De Gea will now celebrate his 32nd birthday as a United player, potentially also his 33rd and even beyond should the club go on to trigger the additional 12-month option in the new deal and later agree another new deal a few more years down the line.
By 2023, the Spaniard will have been in Manchester for as many as 12 years, effectively growing up as a footballer at United after arriving at the club while still a fresh-faced 20-year-old. He is likely to surpass 550 game during that time, breaking Alex Stepney’s club appearance record for a goalkeeper, and will place firmly inside the all-time top 10.
Despite a period of patchy form extending back a number of months, De Gea is among the very best goalkeepers in the world, a status that he has earned after countless heroic and incredible performances in United colours. His decision to commit what should now be his peak as a goalkeeper – where the physical and the mental are perfectly balanced – is huge.
Securing a new agreement with De Gea has been expensive for United, with suggestions that he will earn in the region of £375,000-per-week, but this is a player who could feasibly have had his pick of top clubs across Europe. Yet he has chosen to stay at Old Trafford.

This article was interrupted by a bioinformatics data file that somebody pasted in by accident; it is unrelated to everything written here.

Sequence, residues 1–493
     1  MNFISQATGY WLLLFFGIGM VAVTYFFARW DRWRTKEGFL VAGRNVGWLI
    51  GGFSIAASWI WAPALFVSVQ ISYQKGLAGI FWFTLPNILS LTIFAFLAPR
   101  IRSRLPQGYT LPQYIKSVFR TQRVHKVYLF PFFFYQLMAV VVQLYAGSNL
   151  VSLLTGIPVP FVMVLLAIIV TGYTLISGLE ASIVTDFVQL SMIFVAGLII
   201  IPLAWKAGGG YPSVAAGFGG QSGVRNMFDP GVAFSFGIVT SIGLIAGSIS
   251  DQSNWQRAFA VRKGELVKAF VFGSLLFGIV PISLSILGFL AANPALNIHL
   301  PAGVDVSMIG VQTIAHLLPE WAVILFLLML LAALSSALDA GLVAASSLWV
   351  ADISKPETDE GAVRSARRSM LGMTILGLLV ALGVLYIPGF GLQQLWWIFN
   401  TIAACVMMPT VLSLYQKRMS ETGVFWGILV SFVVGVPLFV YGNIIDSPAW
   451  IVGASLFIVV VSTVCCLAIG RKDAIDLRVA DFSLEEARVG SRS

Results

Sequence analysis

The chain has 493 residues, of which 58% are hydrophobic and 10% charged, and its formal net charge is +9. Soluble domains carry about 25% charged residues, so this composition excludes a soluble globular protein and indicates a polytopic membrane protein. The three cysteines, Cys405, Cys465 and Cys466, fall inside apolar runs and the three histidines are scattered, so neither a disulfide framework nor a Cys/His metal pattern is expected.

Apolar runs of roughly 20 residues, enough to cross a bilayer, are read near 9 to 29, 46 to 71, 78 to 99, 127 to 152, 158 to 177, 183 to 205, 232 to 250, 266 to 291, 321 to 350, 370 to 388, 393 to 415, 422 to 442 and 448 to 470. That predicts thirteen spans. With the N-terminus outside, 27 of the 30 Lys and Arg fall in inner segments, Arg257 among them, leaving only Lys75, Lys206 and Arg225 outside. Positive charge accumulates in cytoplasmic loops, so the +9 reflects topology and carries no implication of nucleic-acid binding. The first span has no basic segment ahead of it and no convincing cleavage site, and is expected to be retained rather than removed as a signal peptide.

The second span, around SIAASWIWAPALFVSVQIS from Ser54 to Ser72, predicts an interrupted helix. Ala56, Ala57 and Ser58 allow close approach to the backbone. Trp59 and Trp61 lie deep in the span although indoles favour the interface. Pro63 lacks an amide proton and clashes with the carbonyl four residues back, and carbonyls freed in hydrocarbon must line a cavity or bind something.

Juventus are said to have held ‘genuine’ interest, while Paris Saint-Germain have also been linked, while it is impossible to believe Real Madrid speculation wouldn’t have resurfaced at some point in the relatively near future, despite Los Blancos landing Thibaut Courtois last year.
Juventus and PSG in particular would have offered guaranteed domestic trophies after dominating their respective national leagues in recent years, while both clubs are utterly determined to win the Champions League – Juventus for the first time since 1996 and PSG for the first time ever. Certainly, both are much closer to elusive European glory than United as things stand right now.
But De Gea has a special affinity with United. Just as the club owes him for his marvellous service, he owes the club for nurturing him, standing by him in the difficult early years and giving him the platform that he now has as an elite superstar.
More importantly, this is a crucial period for United and if De Gea saw fit to sign on the dotted line he must see positives on the horizon.
The club appear to have drawn a line in the sand after six years of tail spinning following the years since Sir Alex Ferguson retired in 2013. At last, there finally seems to be a structure and a long-term plan in place, with players recruited to fit a specific profile and deadweight cut loose.
“…all I want is to help this team achieve what I believe we can and win trophies again, together”, read a line from De Gea as his contract was announced.
Despite some of the negative perceptions surrounding the squad in the early weeks of this season, United are at the start of a journey that should see the club challenging for major titles at home and abroad within a few years. It won’t be immediate, but the early signs are in place.
De Gea, who is likely to captain United for much of this season as Ashley Young plays a reduced role and take over the armband full-time once the veteran full-back moves on, wants to be a crucial part of that revival more than he wants to chance his arm elsewhere.